Smaller, Tighter, Grosser
HIGH A couple of visually disturbing bosses.
LOW The absurd amount of looting required.
WTF How did I go the whole game without finding a better gun?
After sacrificing their sanity to prevent the Great Old Ones from destroying the world in the first game, three of its protagonists have wound up, unsurprisingly, committed to a mental institution. Unfortunately, Arkham Asylum is also the current home of an artist famous for painting images so bizarre and compelling that they’ve begun to create breaches in the walls of reality. So, it’s back into the fight as a new set of nefarious schemes must be foiled by… a ton of shooting.
Lovecraft’s Untold Stories 2 is extremely similar to the previous iteration, mechanically. The majority of gameplay revolves around exploring randomly-generated locations from an isometric perspective and fighting monsters, gradually advancing towards the area boss, and then finding a clue that leads them to the next location. There’s a hub base where players can store their items, a wide variety of areas to explore and enemies to battle, and an assortment of playable characters to take on missions.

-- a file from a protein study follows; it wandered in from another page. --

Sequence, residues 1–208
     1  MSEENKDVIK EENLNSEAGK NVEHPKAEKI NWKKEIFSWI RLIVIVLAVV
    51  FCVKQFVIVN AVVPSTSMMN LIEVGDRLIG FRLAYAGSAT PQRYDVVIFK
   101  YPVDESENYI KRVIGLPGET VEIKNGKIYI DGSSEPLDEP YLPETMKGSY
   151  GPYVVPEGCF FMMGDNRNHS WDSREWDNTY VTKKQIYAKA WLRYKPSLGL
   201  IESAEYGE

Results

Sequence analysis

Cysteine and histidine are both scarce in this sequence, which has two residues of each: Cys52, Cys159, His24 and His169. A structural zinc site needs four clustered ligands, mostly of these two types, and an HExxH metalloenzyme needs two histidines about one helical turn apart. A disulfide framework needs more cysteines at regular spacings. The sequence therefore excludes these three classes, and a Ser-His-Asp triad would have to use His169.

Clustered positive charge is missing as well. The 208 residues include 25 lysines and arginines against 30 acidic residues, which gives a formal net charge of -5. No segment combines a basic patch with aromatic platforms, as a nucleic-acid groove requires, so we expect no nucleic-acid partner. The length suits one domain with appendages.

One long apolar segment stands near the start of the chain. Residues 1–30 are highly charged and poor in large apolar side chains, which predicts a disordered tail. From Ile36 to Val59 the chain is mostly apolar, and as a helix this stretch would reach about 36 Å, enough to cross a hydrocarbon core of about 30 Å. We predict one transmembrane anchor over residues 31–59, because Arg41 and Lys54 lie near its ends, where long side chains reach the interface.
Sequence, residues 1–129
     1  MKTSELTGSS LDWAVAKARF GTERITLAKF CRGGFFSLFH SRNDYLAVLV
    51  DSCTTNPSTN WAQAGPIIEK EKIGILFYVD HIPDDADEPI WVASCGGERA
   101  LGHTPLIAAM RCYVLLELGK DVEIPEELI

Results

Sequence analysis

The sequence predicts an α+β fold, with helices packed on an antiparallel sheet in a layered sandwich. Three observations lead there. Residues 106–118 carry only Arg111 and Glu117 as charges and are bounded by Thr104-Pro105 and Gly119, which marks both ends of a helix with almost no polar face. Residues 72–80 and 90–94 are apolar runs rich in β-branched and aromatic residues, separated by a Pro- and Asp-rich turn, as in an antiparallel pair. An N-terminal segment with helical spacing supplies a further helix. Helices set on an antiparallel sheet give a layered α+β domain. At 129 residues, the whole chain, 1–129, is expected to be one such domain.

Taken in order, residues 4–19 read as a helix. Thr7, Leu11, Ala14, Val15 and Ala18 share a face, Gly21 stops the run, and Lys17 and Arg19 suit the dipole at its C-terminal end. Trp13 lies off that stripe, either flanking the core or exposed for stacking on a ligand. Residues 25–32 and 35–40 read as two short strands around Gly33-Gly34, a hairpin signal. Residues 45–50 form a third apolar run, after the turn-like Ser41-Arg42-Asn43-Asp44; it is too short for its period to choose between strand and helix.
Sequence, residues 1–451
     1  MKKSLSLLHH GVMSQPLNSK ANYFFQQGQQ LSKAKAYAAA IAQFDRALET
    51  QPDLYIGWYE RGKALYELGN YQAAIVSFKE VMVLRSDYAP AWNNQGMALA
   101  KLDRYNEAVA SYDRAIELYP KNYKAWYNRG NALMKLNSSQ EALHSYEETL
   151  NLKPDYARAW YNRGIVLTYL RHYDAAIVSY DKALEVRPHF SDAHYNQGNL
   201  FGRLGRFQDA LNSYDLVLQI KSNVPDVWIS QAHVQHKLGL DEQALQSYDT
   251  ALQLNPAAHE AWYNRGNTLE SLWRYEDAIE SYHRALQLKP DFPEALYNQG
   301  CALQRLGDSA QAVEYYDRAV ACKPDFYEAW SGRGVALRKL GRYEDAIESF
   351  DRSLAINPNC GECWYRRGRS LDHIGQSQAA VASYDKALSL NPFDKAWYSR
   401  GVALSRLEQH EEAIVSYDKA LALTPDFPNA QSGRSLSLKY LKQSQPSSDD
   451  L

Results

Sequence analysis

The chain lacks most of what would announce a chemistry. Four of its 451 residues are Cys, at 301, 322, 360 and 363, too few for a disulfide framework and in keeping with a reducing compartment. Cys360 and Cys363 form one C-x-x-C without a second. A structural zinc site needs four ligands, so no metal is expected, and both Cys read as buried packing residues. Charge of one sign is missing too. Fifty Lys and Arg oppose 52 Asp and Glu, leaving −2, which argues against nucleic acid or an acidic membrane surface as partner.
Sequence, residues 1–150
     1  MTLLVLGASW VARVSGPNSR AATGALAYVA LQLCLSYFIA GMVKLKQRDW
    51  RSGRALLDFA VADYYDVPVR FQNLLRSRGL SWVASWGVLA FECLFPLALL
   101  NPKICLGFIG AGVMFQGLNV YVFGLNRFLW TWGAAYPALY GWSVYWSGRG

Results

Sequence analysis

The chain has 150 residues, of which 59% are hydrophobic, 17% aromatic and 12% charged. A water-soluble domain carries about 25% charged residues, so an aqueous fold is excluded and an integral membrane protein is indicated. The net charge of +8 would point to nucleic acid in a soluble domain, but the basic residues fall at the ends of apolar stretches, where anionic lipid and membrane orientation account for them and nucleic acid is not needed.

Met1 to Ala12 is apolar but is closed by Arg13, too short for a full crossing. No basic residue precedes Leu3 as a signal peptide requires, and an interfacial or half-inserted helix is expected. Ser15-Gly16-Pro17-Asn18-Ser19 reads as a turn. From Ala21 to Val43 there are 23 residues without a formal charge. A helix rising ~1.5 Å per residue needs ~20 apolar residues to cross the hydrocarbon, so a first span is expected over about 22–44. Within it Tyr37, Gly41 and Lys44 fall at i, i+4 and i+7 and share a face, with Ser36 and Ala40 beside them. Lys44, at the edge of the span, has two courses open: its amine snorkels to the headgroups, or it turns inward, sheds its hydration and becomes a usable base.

Only two major changes have been made – one interesting, one unfortunate.
The interesting one is the completely revamped art style. Where the first LUS offered simple pixel-art representations of its monsters and locations, LUS2 has a lavishly cartoony aesthetic, giving the world the appearance of an animated comic book. It’s definitely more immediately attractive, although the diagonal POV can make navigating the world difficult – especially when trying to avoid the floor traps that litter nearly every room.
This detailed art is one of LUS2‘s strong points. Whether it’s the disgusting foes, the impossible landscapes, or the impressionistic cut-ins that appear to illustrate story moments, everything looks consistently great – and while personal taste will determine whether players prefer this to the basic look of the original, it’s undeniable that the developers have delivered strong visuals. Far less impressive is the developers’ decision to massively pare down the narrative and scope.
Where Lovecraft’s Untold Stories had a campaign for each of its five protagonists along with an overarching story that reached its climax only after all of the other plots were wrapped up, LUS2 has just one story to tell, with the player deciding which of the six playable characters they want to use at any point. On a very basic level this means that there’s just considerably less to do, but playtime isn’t the only consideration here.